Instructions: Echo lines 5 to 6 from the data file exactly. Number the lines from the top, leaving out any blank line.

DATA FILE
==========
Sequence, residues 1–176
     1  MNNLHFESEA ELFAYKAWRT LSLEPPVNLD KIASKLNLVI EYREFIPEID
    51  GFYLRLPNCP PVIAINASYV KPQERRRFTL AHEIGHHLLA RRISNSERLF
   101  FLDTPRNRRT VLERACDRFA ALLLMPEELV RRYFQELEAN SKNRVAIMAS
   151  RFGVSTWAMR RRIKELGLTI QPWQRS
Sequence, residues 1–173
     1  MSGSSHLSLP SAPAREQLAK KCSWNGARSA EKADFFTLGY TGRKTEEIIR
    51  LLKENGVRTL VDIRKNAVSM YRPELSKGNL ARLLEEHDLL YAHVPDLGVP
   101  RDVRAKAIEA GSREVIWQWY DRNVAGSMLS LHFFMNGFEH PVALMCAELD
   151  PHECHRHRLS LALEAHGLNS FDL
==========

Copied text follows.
   151  RFGVSTWAMR RRIKELGLTI QPWQRS
Sequence, residues 1–173